The Shop is busy with a variety of coppersmith work today, the crew hammering away to shape and turn copper sheet. Leo and Eddie lead their men as fire is thrown around, clamps and dies used to bend copper into the desired shapes. It is the 76th Anniversary to the day of the original Joseph Michael Kavanagh opening the Shop for business. They were Kavanagh and Smith then, as Old Uncle Joe had a partner, George Smith. The partnership lasted about ten years when Joe set out on his own. His business passed to his nephews and over time, at last, to the second Joseph Kavanagh, then finally to his sons, Leo and Eddie. This day is not celebrated or recognized at the Shop. By 1942, this date is lost to history. The Kavanagh’s don’t celebrate it, recognize it or even realize it. Only by searching old tax records in 2018 was this date discovered and verified.
The Shop remains buried with work as the country gears up for war. Eddie looks forward to his second son returning to the Shop to work for the Summer. Young Ed’s training is going well and the Shop could use the help. Today Jack is playing a baseball game for Mount St. Joseph’s baseball team. He’s catching and managing this year because he always loved the strategic end of the game just as much as he loved playing. The idea of managing appealed to him from the start. Jack is excited today because his cousin Leo Paul Kavanagh is watching the game. Leo is a minor league baseball pitcher and an alumnus of Mt. St. Joseph’s. He was the school’s ace pitcher when he was a student athlete. Jack and he are close despite Leo being seven years older and often being on the road with his teammates. Jack loves the notion that even in the minor leagues, Leo is getting paid to play ball professionally.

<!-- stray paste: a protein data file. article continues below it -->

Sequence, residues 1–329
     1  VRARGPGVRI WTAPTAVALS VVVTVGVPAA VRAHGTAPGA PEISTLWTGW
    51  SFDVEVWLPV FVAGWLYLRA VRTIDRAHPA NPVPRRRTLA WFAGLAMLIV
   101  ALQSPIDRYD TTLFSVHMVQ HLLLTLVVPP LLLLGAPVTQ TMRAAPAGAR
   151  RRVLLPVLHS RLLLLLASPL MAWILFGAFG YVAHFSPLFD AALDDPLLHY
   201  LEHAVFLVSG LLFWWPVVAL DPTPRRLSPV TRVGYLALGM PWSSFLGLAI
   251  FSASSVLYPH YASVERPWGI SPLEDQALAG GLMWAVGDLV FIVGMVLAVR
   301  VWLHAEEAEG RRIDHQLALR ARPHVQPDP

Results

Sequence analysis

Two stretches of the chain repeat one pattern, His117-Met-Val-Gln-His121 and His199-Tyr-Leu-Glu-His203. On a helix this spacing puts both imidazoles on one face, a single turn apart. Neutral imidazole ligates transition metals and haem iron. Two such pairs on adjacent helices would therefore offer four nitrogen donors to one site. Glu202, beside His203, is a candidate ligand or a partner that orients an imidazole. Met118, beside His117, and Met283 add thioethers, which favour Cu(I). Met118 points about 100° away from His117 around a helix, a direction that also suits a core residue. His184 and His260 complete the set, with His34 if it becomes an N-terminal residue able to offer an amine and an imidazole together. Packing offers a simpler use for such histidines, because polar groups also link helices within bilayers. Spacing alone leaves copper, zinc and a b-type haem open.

Jack Kavanagh has graduated from high school and he is back at the Shop to begin the third year of his apprenticeship. This year he will need to grow more comfortable with a torch, to be more precise with his hammer hits and most of all, he must learn discernment. He must learn to know when you are finished, when the piece is correct, when it is “good enough.” Jack will have to pass the pitcher test this year. It is the final test for a coppersmith at the Shop: to be able to take a flat copper sheet and work it into a pitcher on his own. Jack will also have to register for the draft in the coming weeks, and the family is concerned, but Eddie has some friends on the draft board. Those friends assure Eddie that the first batch of draftees is passed and it’s unlikely that Jack will be called this year. Maybe the war will be over in a year and it will be a moot point but at the least, Eddie is able to console his wife that Jack isn’t going anywhere this year. Annie is very worried for her sons and the threat of war. Her brothers served in the first World War, and she doesn’t want this for her boys. Their oldest boy, Eddie, is serving in the Army’s Quartermaster Corps and will be able to serve here in Maryland and not sent off to war. Jack is the one they are particularly concerned for because if he is drafted, he will certainly go overseas.